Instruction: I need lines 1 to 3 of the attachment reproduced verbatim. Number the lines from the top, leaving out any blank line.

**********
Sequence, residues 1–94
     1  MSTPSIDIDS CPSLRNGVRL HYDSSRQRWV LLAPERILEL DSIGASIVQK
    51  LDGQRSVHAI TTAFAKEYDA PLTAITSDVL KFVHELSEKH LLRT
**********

Sequence, residues 1–94
     1  MSTPSIDIDS CPSLRNGVRL HYDSSRQRWV LLAPERILEL DSIGASIVQK
    51  LDGQRSVHAI TTAFAKEYDA PLTAITSDVL KFVHELSEKH LLRT